Cathedral Basilica, with its organ, would be a must see for me.

44. Cannon Beach, Oregon
I want to take a picture of Haystack Rock. (It seems all my friends have.)
And hear the surf. And sleep in a yurt.

45. Skagit Valley Tulip Festival, Washington (visited April 2013)
April 2013. Tulips galore.
Beauty abounds.
This is doable. I just have to make a plan.

46. Coeur d’Alene, Idaho
The best reason to visit is to see our former neighbors—
and my mom’s best friend—who have retired here.
Oh, brother/sister where art thou?

47. Upper Peninsula, Michigan
In my youth I always heard about the U.P. Because it was remote
and beyond, it has remained one of those places I’d like to visit.
Lighthouses, bridges and the Great Lakes Shipwreck Museum.
I’m already humming Gordon Lightfoot.

48. Lancaster, Pennsylvania
Yes, I would. I’d like to see an Amish community.
But when I Googled Lancaster, the first thing I saw
was their convention center. Yep.

49. Bath, Somerset, England
A Jane Austen literary tour. Lyme, Chawton, Steventon, Winchester.
Be still my heart. Calm. We must be calm.
Of course, preparation would include reading the complete Austen canon,
watching every DVD. What fun, what fun!

50. Napa Valley, California
Beautiful scenery, do a little wine tasting.
I could be persuaded.

51. Provence, France
On a whim, I picked up a French Audio course at the library yesterday,
curious how much of my high school French stuck. Not. much.
It would be great to refresh it in Provence, n’est-ce-pas?
We dream about going with college friends.
M.F.K. Fisher’s Two Towns in Provence made me thirsty for France.
Allons-y!

52. Door County, Wisconsin
Another destination that I’ve been told about many times.
They have fish boils are legend.

53. St. Augustine, Florida
I can’t remember the book that long ago made me want to
see St. Augustine. Give me history and I’m happy.

54. Troy, Oregon (visited September 2013)
You’ve never heard of Troy,OR (pop 25-30) Not to be confused with Troy, ID (pop 862).
On our way home from church we pass a road with a sign: Troy 38 miles.
And I’ve always wanted to follow that dirt road. At least once.

 55. Charleston, SC
Southern hospitality, Lowcountry cuisine,
cobblestone streets, Huguenot church. Yes!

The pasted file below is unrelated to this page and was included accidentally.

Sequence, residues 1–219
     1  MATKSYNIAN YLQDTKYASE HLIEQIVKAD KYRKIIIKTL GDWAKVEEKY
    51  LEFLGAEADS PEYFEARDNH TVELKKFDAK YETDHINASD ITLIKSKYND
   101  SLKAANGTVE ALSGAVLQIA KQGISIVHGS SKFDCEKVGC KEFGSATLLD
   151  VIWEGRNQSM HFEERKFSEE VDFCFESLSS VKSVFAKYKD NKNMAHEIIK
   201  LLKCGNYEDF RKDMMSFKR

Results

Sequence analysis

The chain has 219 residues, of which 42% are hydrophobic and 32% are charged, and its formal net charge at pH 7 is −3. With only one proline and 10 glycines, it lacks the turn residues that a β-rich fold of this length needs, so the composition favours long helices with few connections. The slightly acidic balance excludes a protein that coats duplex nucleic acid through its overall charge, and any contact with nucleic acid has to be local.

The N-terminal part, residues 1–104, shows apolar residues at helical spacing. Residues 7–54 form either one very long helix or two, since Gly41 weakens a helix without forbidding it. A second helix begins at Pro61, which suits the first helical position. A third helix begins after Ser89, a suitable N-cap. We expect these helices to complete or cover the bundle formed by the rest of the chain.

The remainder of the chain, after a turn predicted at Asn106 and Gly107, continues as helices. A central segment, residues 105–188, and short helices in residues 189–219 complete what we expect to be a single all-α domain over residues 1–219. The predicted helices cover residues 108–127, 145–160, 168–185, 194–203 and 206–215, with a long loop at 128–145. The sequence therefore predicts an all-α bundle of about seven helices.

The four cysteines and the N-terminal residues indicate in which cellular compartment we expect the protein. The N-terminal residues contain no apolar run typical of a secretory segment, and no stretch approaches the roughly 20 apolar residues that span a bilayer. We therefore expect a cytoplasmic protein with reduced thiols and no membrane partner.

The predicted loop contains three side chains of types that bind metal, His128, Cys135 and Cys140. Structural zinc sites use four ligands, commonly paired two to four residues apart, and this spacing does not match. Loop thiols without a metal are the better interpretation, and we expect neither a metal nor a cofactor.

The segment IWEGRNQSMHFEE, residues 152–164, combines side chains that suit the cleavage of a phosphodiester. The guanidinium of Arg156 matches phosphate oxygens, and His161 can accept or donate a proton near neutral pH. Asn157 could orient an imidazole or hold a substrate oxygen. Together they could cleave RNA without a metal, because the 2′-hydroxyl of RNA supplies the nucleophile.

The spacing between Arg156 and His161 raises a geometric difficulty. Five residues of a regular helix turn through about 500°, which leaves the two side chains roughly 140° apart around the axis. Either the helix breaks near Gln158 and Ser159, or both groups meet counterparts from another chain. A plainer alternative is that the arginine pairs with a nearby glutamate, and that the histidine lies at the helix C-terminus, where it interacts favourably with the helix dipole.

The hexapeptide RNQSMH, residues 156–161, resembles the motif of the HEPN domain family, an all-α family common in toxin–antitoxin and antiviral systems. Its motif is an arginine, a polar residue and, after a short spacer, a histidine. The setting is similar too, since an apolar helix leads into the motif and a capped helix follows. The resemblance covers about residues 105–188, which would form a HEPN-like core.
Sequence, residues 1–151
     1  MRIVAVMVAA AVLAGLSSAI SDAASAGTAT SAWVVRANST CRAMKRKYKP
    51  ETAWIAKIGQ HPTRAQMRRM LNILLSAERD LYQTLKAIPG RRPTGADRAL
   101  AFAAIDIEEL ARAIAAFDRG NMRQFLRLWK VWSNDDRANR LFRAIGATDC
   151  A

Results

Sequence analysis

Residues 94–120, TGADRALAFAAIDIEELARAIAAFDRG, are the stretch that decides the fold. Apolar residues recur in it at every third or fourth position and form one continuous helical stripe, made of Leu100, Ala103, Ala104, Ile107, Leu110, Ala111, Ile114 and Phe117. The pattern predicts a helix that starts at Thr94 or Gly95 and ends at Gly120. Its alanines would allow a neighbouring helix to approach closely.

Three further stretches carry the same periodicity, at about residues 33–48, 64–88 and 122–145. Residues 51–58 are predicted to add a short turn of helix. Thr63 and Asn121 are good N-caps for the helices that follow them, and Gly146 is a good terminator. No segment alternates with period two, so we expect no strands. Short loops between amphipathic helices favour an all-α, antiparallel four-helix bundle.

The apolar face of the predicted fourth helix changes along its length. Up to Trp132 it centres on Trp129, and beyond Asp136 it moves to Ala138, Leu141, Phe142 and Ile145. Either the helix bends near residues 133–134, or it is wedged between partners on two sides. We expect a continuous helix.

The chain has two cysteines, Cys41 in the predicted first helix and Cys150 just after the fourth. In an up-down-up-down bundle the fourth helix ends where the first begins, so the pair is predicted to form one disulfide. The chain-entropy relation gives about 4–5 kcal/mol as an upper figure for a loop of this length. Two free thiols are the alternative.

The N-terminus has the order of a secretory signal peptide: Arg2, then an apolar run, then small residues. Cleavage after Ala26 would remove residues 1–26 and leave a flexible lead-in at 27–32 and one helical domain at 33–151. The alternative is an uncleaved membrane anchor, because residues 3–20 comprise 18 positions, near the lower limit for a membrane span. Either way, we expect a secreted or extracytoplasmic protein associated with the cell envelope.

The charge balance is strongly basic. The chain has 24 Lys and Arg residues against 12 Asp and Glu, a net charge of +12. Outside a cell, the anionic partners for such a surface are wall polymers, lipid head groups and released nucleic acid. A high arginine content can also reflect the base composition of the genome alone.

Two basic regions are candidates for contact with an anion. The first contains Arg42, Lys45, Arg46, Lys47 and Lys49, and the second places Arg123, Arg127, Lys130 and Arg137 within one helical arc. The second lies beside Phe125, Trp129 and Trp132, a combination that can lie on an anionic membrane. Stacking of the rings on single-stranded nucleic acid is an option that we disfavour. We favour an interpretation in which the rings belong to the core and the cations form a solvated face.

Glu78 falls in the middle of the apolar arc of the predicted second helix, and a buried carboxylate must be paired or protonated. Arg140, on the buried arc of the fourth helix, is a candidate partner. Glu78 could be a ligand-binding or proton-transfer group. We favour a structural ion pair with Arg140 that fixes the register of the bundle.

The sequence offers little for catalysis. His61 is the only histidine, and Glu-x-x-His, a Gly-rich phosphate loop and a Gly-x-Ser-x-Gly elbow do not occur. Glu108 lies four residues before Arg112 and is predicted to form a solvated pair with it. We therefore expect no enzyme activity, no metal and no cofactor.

Tortilla Soup and Arrachera

 

This recipe was both my first and last taste of Chicago on my visit in October.
Yum!

It’s Emeril’s recipe.

My niece substitutes tortilla chips for the homemade corn tortillas.

Good with several squirts of lime.

We also had arrachera (grilled skirt steak marinated with onion, cilantro and lime).

 

 

 If only you could smell this photo.
In California, we’ve eaten virtually the same thing, but it was called Carne Asada.

Can anyone explain the difference between Asada and Arrechera?

::  an aside ::
It is on my Bucket List to learn to make refried beans as good as
the Mexican restaurants. I’ve tried, I’ve fiddled, I’ve cooked many
a pinto bean. But, man, it’s never the perfect consistency.
Any suggestions on making the perfect refried beans?
:: close aside ::

I did learn a fun tip. You probably already know it.
But I don’t get the Food Channel.
So new discoveries are still mine to make!
To warm a tortilla, just do this:

 

I took more pictures of cute kids who share bloodlines with me.

A boy absorbed in a book—yeah, we’re related.

This smile makes my heart thump. Those eyes!

Curls! Sweetness!

 

Compare young man (half Mexican, half mostly Dutch) on left
with picture of me (mongrel English/Dutch) on the right.
Isn’t that something?

This girl has the name I chose, but never got to use.
She’s a keeper!

Family and food.
The perfect recipe for a memorable trip.

Unsuitable for Ladies

 

My husband: What are you reading?

Me: Unsuitable for Ladies

Him: Why would you want to read something unsuitable for ladies?

Me: It’s not the content, it’s the title. It’s a travel anthology; travel used to be deemed unsuitable for ladies.

Him: Right.

 

Jane Robinson has given us a gift. She has read the works of 190 authors —all women—, extracted the good parts and formed them into a book called Unsuitable for Ladies: An Anthology of Women Travellers. In it you will find remarkable stories by even more remarkable ladies. Extraordinary!

Robinson divides the book by the region traveled: Europe, Scandinavia, the Balkans, Middle East, Africa, Asia, India, Australasia, North and South America. Most of the writing is from the nineteenth century but the eighteenth and twentieth centuries are well represented. Her selections include better known travel writers —Karen Blixen, Dervla Murphy, Isabella Bird, Mary Morris and Frances Trollope— and many more who might be called obscure.

Funny! Lively descriptions and droll stories abound.

As to the state of the roads, no language can do justice to their execrableness…
   ~ Isabella Romer in The Rhone, the Darro, and the Guadalquivir, 1843

Our next suffering was supper, and here again we excited our hostess’s ire by ordering eggs in the shell, as the only incorruptible kind of food, instead of sharing the greasy liquid and nameless ragouts…
   ~ Mrs. Dalkeith Holmes, A Ride on Horseback to Florence, 1842